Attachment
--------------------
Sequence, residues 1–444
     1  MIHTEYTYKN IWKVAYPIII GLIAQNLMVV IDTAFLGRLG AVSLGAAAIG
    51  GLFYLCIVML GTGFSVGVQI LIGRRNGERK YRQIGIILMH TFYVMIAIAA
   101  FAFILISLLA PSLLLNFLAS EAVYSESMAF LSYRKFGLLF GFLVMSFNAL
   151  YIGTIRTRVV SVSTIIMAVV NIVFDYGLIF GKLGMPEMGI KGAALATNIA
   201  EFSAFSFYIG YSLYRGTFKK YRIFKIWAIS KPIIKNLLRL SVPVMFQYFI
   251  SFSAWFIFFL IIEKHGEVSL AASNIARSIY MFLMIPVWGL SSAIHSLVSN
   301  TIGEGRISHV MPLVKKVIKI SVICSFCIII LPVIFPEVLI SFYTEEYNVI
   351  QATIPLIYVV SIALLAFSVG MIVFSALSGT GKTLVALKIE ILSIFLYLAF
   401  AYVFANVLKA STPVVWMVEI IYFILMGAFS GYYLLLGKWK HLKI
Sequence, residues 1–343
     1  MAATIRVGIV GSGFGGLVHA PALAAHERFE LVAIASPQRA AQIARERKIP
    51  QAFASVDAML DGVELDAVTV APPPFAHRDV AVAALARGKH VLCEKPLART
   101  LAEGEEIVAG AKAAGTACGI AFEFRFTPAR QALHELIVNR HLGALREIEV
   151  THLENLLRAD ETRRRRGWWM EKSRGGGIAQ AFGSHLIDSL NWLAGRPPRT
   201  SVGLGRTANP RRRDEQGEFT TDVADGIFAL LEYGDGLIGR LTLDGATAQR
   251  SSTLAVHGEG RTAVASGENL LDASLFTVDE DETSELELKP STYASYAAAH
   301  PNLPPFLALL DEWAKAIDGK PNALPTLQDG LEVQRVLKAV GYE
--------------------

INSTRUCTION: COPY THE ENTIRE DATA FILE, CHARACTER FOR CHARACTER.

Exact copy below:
Sequence, residues 1–444
     1  MIHTEYTYKN IWKVAYPIII GLIAQNLMVV IDTAFLGRLG AVSLGAAAIG
    51  GLFYLCIVML GTGFSVGVQI LIGRRNGERK YRQIGIILMH TFYVMIAIAA
   101  FAFILISLLA PSLLLNFLAS EAVYSESMAF LSYRKFGLLF GFLVMSFNAL
   151  YIGTIRTRVV SVSTIIMAVV NIVFDYGLIF GKLGMPEMGI KGAALATNIA
   201  EFSAFSFYIG YSLYRGTFKK YRIFKIWAIS KPIIKNLLRL SVPVMFQYFI
   251  SFSAWFIFFL IIEKHGEVSL AASNIARSIY MFLMIPVWGL SSAIHSLVSN
   301  TIGEGRISHV MPLVKKVIKI SVICSFCIII LPVIFPEVLI SFYTEEYNVI
   351  QATIPLIYVV SIALLAFSVG MIVFSALSGT GKTLVALKIE ILSIFLYLAF
   401  AYVFANVLKA STPVVWMVEI IYFILMGAFS GYYLLLGKWK HLKI
Sequence, residues 1–343
     1  MAATIRVGIV GSGFGGLVHA PALAAHERFE LVAIASPQRA AQIARERKIP
    51  QAFASVDAML DGVELDAVTV APPPFAHRDV AVAALARGKH VLCEKPLART
   101  LAEGEEIVAG AKAAGTACGI AFEFRFTPAR QALHELIVNR HLGALREIEV
   151  THLENLLRAD ETRRRRGWWM EKSRGGGIAQ AFGSHLIDSL NWLAGRPPRT
   201  SVGLGRTANP RRRDEQGEFT TDVADGIFAL LEYGDGLIGR LTLDGATAQR
   251  SSTLAVHGEG RTAVASGENL LDASLFTVDE DETSELELKP STYASYAAAH
   301  PNLPPFLALL DEWAKAIDGK PNALPTLQDG LEVQRVLKAV GYE